The state of Michigan has carbon monoxide law based on House Bill No. 4730 and House Bill No. 5341. The first law states that buildings constructed on or after December 1, 2009, including boarding houses, hotels, and motels, must install one carbon monoxide detector at each source point. The term “source point” means an area where a machine is present that burns fossil fuels, such as a furnace, hot water heater, or boiler.

The problem with this law is that in big buildings, furnaces, hot water heaters and boilers are usually located far away from where the people are. Carbon monoxide detectors that are near the source, but are removed from where the people are, can’t warn people of the danger. Carbon monoxide detectors should also be placed where the people are.

Sometimes it feels like these laws are written to protect property owners from negligence claims more than to actually protect people from carbon monoxide toxins.

The detector may be battery-operated, plug-in with or without battery backup, wired into the building’s air conditioning system with battery backup, or connected to system via a control panel. The detector’s alarm must also be audible.

The law states that the person who installs the carbon monoxide detector in compliance with the manufacturer’s instructions shall have no liability with respect to maintenance or effectiveness of the carbon monoxide device.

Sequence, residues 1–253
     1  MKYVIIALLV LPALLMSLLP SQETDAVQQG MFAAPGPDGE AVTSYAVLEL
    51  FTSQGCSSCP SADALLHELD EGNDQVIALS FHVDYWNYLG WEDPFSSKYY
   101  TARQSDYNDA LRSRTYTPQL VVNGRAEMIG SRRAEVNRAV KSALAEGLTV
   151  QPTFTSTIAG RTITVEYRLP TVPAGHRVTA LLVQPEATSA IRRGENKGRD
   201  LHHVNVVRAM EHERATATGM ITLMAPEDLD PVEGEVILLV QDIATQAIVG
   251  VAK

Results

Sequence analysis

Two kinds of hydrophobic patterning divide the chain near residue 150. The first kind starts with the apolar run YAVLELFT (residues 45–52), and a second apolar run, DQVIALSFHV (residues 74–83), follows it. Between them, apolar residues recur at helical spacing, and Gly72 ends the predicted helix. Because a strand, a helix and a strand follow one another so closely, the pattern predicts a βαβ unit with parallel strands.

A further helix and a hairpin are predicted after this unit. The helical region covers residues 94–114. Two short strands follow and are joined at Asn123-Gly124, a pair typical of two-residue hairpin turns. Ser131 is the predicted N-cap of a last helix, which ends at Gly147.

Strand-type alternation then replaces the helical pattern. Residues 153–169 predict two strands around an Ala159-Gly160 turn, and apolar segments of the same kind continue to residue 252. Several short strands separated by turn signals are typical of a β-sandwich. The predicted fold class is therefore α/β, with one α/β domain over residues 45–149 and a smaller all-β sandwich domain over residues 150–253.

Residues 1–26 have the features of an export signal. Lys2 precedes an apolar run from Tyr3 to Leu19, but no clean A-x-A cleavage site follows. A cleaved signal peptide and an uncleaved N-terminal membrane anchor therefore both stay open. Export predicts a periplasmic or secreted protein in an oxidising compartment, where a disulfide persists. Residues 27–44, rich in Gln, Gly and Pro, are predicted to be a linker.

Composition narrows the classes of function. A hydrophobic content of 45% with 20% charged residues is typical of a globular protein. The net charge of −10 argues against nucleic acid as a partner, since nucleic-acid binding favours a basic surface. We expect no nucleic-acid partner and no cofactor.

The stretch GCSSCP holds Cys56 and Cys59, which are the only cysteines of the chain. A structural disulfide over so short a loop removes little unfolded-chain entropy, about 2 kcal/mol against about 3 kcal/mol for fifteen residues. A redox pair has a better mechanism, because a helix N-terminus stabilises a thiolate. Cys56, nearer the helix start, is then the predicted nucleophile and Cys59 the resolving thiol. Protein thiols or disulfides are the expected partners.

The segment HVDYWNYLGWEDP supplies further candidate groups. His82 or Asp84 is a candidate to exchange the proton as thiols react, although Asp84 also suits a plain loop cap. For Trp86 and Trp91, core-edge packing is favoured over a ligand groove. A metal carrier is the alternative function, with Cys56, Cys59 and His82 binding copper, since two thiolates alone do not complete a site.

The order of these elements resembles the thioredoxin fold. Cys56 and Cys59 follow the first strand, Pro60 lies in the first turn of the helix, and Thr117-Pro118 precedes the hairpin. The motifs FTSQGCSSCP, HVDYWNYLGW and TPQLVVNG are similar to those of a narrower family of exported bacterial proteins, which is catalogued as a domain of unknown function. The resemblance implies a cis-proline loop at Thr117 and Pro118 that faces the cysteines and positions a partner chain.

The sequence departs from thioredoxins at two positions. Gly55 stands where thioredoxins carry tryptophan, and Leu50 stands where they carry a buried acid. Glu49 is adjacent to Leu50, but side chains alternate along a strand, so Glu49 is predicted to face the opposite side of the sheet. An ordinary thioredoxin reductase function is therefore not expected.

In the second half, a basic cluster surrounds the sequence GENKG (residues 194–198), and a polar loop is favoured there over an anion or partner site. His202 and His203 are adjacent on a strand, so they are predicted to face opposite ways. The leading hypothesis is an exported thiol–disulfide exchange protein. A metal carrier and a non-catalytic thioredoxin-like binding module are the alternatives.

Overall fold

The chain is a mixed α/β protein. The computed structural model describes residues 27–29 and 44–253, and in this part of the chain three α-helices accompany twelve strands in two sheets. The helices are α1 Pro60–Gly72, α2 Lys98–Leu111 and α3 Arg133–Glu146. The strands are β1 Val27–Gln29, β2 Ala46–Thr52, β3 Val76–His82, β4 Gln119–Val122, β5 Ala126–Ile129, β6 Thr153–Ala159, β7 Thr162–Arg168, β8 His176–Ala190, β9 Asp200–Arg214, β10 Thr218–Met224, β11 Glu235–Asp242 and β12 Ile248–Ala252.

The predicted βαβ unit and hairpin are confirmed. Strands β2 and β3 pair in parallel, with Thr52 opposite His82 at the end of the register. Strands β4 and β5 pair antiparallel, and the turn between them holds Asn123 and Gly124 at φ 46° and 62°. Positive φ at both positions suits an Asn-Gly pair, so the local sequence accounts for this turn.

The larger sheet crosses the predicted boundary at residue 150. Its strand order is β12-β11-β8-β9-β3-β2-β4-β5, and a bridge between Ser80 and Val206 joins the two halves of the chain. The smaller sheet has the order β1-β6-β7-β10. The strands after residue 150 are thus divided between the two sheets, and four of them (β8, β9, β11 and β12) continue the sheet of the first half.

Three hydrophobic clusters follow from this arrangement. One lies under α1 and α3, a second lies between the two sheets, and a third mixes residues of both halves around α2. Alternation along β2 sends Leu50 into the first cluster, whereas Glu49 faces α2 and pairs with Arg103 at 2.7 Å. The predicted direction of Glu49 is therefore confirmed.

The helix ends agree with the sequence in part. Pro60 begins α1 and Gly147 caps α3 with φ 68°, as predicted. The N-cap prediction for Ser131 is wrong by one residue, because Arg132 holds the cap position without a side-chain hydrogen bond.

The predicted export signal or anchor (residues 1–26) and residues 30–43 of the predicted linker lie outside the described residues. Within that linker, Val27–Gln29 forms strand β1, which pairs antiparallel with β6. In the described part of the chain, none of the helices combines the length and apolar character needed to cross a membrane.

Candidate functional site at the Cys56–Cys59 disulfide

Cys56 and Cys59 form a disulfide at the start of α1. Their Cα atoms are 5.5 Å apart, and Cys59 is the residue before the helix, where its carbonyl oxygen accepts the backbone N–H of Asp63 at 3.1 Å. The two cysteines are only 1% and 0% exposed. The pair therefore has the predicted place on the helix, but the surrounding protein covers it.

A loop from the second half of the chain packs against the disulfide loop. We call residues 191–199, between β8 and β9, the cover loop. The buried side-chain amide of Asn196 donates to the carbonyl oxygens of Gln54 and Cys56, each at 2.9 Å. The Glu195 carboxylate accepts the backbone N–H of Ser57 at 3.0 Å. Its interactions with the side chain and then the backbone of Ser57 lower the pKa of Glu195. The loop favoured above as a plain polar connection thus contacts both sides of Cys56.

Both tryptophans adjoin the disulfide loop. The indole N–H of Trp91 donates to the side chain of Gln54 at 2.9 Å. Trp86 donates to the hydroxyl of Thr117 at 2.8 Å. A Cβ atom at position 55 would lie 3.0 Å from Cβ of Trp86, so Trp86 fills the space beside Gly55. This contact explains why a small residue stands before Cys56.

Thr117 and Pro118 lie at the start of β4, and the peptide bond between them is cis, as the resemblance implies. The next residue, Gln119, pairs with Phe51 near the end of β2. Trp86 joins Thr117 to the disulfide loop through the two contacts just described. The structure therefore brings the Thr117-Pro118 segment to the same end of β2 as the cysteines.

The owner of the building who maintains the device according to the manufacturer’s instructions shall have no liability with respect to the operation or effectiveness of the device.

The second law requires a carbon monoxide detector within each single-family dwelling or within each unit of a multi-family dwelling in all new construction. A detector should be located within the vicinity of the bedrooms, which may include a detector capable of detecting CO near all adjacent bedrooms, an area near an attached garage, and an area near fuel-burning appliance.

The law was effective March 23, 2009. People who did not comply should not be penalized until the effective date.

The carbon monoxide detectors must have a distinct, audible alert when carbon monoxide is at higher than normal levels. It may either be self contained or activated via a system connection.

This law is called the “Overbeck Law,” named for Patty and Gene Overbeck, who died from carbon monoxide poisoning in 2003 in their Elk Lake retirement home.

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